When a gang threatened to kill Rocio, her husband and their two small children, they fled their native Honduras, hoping for asylum in the United States.
Now they are stuck in Mexico, too scared to risk being deported from the United States under President Donald Trump's crackdown on migrants.
The family fled to Mexico last June and was anxious to move on, fearing the Honduran gang would track them down.
"We changed our minds because of that president, the way he is deporting people," she said of Trump, who has vowed stepped up deportation procedures against undocumented immigrants.
Now the 25-year-old woman and her family live in a charity shelter in Mexico. She asked to be identified just as Rocio, without her last name, for fear of reprisals.
She has applied three times for refugee status, which would protect her from deportation and allow her access to health care and education.
But the courts have so far denied it to her family for lack of evidence.
- Trump effect -
Deadly gang violence in Honduras, El Salvador and Guatemala is driving hundreds of thousands of desperate migrants to flee north.
Officials say nearly 9,000 people applied for refugee status in Mexico last year and the figure may double this year.
"The radicalization of certain measures by the new US government makes us expect the number of applications will increase," Mexico's deputy migration minister Humberto Roque Villanueva told AFP.
Carlos, a 43-year-old farmer from El Salvador, also risks deportation after failing to get refugee status.
He lives in an overcrowded shelter in Mexico City where airplanes flying nearby make a deafening noise.
"We would all prefer to go to the United States, but now everyone is staying here" in Mexico, says Carlos, 43.
"Trump says he is not going to deport everyone, just the bad people, but that's not certain. If they grab one person in a place, they'll grab everyone there."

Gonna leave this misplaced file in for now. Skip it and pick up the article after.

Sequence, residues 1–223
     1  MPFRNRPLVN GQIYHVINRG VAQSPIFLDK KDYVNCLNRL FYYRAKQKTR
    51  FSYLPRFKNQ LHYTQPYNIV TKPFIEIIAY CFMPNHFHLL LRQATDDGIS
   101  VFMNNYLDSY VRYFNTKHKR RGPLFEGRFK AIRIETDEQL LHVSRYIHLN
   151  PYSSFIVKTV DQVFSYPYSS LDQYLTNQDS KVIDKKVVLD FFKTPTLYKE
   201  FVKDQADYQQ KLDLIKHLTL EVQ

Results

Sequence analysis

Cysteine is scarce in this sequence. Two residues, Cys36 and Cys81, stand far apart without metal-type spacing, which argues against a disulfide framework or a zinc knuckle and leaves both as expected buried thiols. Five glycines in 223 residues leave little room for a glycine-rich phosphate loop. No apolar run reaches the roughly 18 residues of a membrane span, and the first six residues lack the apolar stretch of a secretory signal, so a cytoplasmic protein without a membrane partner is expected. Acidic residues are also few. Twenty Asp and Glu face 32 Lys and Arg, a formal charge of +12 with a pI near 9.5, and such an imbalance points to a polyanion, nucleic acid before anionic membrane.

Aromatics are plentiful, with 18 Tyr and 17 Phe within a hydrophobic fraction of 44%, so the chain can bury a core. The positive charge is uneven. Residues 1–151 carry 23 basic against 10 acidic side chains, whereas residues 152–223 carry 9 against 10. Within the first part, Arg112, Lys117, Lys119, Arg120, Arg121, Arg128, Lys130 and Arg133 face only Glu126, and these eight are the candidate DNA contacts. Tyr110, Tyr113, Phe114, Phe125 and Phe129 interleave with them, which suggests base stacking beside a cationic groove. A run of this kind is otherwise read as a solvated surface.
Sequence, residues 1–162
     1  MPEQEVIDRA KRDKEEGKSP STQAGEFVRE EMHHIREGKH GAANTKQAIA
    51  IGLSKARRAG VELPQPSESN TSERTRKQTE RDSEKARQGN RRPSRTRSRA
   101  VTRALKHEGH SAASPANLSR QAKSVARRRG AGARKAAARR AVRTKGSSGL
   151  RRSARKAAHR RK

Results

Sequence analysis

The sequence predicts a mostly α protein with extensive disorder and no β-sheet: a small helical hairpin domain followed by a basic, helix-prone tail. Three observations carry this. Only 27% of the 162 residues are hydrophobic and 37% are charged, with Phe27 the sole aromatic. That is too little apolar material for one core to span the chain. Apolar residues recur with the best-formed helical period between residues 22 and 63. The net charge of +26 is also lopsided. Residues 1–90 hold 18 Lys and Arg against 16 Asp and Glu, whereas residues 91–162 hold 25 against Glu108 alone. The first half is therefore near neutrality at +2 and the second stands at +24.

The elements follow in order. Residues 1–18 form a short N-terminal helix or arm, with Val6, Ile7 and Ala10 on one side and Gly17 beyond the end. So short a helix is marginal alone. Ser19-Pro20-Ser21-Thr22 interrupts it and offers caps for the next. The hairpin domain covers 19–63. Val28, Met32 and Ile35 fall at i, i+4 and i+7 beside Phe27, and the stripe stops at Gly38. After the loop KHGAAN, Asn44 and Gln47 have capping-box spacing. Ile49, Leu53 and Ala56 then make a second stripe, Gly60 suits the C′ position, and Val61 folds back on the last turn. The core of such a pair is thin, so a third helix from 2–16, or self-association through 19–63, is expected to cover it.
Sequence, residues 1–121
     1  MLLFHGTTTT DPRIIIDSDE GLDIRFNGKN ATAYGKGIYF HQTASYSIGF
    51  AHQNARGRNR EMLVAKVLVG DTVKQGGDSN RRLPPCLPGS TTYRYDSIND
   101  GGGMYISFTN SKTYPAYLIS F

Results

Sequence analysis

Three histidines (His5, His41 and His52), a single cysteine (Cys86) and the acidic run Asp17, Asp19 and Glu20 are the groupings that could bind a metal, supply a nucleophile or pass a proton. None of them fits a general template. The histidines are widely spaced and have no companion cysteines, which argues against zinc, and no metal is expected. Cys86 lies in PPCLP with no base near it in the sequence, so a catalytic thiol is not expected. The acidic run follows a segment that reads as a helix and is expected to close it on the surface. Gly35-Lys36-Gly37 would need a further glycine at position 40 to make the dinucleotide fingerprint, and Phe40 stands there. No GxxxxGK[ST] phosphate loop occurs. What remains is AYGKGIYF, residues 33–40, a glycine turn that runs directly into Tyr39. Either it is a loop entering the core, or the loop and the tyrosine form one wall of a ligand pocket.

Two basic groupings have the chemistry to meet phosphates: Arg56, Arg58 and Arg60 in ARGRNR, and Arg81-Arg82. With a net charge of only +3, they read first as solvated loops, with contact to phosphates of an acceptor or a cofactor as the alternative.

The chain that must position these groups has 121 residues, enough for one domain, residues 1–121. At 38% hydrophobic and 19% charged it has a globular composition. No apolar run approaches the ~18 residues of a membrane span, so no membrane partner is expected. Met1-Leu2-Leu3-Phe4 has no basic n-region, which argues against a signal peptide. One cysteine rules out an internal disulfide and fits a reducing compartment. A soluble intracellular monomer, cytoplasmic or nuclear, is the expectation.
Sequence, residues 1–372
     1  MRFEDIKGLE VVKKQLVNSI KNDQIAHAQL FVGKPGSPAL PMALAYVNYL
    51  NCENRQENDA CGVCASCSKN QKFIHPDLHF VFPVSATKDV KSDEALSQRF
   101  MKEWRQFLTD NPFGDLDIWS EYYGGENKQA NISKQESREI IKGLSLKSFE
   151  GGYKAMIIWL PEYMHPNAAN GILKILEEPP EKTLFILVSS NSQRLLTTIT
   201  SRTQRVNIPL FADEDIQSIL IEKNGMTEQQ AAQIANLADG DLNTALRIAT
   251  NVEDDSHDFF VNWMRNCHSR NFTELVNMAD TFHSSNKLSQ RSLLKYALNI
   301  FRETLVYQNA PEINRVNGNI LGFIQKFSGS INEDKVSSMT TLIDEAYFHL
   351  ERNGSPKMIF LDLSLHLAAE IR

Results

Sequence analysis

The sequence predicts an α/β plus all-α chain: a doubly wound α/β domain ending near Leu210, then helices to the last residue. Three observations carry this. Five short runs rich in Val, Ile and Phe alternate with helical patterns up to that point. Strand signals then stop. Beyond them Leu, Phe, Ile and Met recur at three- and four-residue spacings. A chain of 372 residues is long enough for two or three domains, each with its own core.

Carlos would much rather be back home on his peaceful farm growing sesame and corn, but it is too dangerous.
After members of one gang ordered him to feed them, he became a reluctant enemy of their rivals, the notoriously violent Salvatrucha gang.
"I was greatly afraid all the time," he said. "Mexico may be dangerous, but at least here you can go out for a walk and make friends."
- Refugee applications increasing -
Mexico's President Enrique Pena Nieto last year promised to speed up the refugee applications process.
But immigration authorities still only have about 50 staffers assigned to handling all the cases. Of those, 29 are paid by the United Nations High Commissioner for Refugees (UNHCR).
Mexican officials "don't give residency papers to people who really need them; but they do give them to people who chose to leave home and come here," Rocio complained, clenching her fists.
Authorities say more than 400,000 people cross into Mexico via its southern border each year.
"Applications keep increasing," says senior UNHCR official Jose Francisco Sieber.
"Innovative solutions are needed to allow applications to be processed fairly."